Irma Stern export ban challenged

This week the eyes of the art world will be on the headquarters of the South African Heritage Resources Agency (Sahra) when a decision is made about whether an important work by the late Irma Stern can leave the country in the hands of a foreign owner.

The “owner” will be a representative of the Qatar Museums Authority and the artwork in question is Stern’s painting Arab Priest (1945).

In March the work was auctioned at Bonhams Fine Art Auctioneers in London and fetched a record £3044 000, about £600 000 more than the previous record sale of a Stern, also sold at Bonhams in October 2010.

The trouble began when Arab Priest‘s new owner attempted to move the work to the prestigious Qatar Orientalist Museum. There, the painting, a portrait of a bearded imam, was to hang alongside images of the East in what is considered one of the world’s most significant collections of Orientalist art.

According to Sahra’s heritage objects manager, Regina Isaacs, the work was loaned to Bonhams and the auction house “did not apply for a permanent export permit.
Instead it applied for a temporary export permit, which we granted.”

Isaacs told the Mail & Guardian this week that she suspected the auction house knew her agency would not approve of the permanent export of the work, which had, for decades, occupied pride of place in the Irma Stern Museum in Rondebosch, Cape Town.

On November 16 the Qatar Museums Authority will appeal Sahra’s refusal to export the work. Sahra believes it to be an important part of the country’s “national estate”.

Its anonymous owner placed Arab Priest in the Irma Stern Museum on permanent loan. But, as the years rolled by, the museum could not afford its upkeep. Erin Torkelson of the Organised Crime and Money Laundering Programme of the Institute for Security Studies wrote in July that “due to the vast price escalation and increasing popularity of the artist, the Stern Museum could no longer afford to insure the painting and the owner chose to sell it”.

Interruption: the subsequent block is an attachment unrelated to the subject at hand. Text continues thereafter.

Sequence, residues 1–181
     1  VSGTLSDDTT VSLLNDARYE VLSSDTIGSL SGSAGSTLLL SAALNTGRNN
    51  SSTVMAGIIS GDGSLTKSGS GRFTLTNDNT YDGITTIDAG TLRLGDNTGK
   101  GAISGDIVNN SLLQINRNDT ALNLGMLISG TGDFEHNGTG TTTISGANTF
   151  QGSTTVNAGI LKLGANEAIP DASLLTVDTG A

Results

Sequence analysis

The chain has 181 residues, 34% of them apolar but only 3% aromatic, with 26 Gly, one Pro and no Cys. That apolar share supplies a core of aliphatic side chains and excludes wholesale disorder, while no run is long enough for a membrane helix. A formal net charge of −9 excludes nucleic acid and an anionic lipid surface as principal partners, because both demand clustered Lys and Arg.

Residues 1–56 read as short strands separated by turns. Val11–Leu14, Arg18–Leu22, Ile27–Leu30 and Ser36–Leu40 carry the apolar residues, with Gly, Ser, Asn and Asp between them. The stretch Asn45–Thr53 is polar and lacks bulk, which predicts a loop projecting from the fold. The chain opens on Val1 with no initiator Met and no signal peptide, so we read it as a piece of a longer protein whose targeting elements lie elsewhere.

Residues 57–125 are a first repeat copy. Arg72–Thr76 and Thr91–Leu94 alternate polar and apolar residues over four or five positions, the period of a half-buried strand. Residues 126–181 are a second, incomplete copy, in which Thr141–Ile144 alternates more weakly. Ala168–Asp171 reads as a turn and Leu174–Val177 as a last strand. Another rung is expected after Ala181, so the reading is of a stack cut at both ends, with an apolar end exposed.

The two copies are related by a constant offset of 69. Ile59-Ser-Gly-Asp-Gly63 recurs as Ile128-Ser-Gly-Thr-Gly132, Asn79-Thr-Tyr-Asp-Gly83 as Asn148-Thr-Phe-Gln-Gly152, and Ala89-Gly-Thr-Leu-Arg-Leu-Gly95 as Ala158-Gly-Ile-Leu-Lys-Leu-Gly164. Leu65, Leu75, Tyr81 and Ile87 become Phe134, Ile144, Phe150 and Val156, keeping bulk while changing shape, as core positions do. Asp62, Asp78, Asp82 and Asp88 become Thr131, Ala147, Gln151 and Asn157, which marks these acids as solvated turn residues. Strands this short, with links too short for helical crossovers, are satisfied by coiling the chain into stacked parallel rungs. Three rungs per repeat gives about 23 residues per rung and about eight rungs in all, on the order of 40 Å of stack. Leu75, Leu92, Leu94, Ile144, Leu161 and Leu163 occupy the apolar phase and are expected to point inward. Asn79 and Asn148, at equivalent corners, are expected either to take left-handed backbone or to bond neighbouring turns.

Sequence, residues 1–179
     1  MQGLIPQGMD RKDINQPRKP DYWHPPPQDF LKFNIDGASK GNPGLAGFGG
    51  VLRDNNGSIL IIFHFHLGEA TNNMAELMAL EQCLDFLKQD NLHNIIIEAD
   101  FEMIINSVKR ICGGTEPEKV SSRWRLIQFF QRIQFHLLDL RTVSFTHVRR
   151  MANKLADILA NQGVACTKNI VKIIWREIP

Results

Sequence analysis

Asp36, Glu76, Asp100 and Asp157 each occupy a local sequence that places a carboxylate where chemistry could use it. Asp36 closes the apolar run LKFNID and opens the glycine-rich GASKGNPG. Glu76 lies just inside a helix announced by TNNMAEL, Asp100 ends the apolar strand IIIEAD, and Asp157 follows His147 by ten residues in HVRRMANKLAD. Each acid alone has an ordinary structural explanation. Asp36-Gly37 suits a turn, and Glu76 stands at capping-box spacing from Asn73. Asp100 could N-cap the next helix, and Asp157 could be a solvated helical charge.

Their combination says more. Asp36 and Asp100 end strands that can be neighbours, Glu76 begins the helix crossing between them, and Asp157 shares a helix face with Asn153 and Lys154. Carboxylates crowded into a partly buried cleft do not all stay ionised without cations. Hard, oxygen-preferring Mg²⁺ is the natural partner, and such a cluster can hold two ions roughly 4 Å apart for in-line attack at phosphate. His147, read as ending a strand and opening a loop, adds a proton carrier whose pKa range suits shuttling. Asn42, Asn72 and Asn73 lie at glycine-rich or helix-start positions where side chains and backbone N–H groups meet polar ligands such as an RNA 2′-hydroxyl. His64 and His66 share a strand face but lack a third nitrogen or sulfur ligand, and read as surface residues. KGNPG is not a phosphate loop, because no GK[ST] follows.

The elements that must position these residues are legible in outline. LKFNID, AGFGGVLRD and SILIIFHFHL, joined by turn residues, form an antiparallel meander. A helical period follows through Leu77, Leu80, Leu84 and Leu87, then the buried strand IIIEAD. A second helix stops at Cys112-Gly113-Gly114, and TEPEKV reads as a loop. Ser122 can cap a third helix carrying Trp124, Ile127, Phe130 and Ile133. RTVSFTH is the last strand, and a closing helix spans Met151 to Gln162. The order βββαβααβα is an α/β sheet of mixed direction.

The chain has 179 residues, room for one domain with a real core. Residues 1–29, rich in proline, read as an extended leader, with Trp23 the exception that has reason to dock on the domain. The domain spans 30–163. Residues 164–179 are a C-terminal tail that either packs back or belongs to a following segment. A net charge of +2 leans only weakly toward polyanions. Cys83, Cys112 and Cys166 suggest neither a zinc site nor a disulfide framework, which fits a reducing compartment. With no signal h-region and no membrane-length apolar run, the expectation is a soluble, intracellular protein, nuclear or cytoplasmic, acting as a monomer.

The subject matter
According to Isaacs, the value to South Africa resided in the work’s subject matter: “The artwork is over 50 years old and was produced by a prolific artist. The subject matter is about a spiritual person—an Arab priest. It is considered to be significant for South Africa because it is a valuable artistic document by a much-travelled South African artist, whose activities and artistic journey transcended and crossed boundaries of religion and culture. It serves as a valuable document for South Africans of mutual respect between diverse cultures and religions.”

Plainly put, it is a painting of a righteous Muslim by a European, Jewish painter born in Africa. Stern painted the work after her return from a well-documented sojourn in Zanzibar. The work is framed in the carved Zanzibari woodwork Stern found on her travels.

For these reasons the work is considered important by both the local heritage sector and scholars of Orientalist art abroad.

Isaacs said that the South African authorities were not clamping down on the removal of historical artworks from South African galleries.

She said that, of 30 recent applications to export South African art, 24 had been granted and six refused.

Art that is not accompanied by an export permit may be sold to South African buyers only. “Our Constitution and legislation makes provision for private owners to own [art] and so you may sell your artwork in South Africa to whoever you want,” Isaacs said.

The precedent being set this week in Cape Town is about the refusal of a permit to a foreign buyer and an appeal from that buyer to have the work removed from South Africa.

If the Qataris’ appeal fails, they can then appeal to the minister of arts and culture, who will set up a tribunal to review the case.

So the Arab Priest will have to hang in limbo for a little longer before knowing which country he will permanently call home.

Matthew Krouse

Matthew Krouse

Matthew Krouse is the arts editor of the Mail & Guardian, a position he has held since 1999. He has edited two anthologies: Positions (Steidl, Jacana Media 2010) about artists engaging with politics in South Africa today, and The Invisible Ghetto (GMP, 1994) a compilation of creative writing about gender. His essays have appeared in collected works about arts and culture here and abroad. He has worked in the theatre for over a decade as an actor, writer and senior publicist at the Market Theatre. Read more from Matthew Krouse

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